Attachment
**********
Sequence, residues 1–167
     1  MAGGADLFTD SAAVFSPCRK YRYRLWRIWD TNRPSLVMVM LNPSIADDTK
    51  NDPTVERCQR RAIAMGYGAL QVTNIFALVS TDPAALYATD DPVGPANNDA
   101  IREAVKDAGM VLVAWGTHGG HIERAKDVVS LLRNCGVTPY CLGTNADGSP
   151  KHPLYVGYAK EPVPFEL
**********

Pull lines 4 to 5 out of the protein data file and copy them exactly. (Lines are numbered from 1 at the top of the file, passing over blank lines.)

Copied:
   101  IREAVKDAGM VLVAWGTHGG HIERAKDVVS LLRNCGVTPY CLGTNADGSP
   151  KHPLYVGYAK EPVPFEL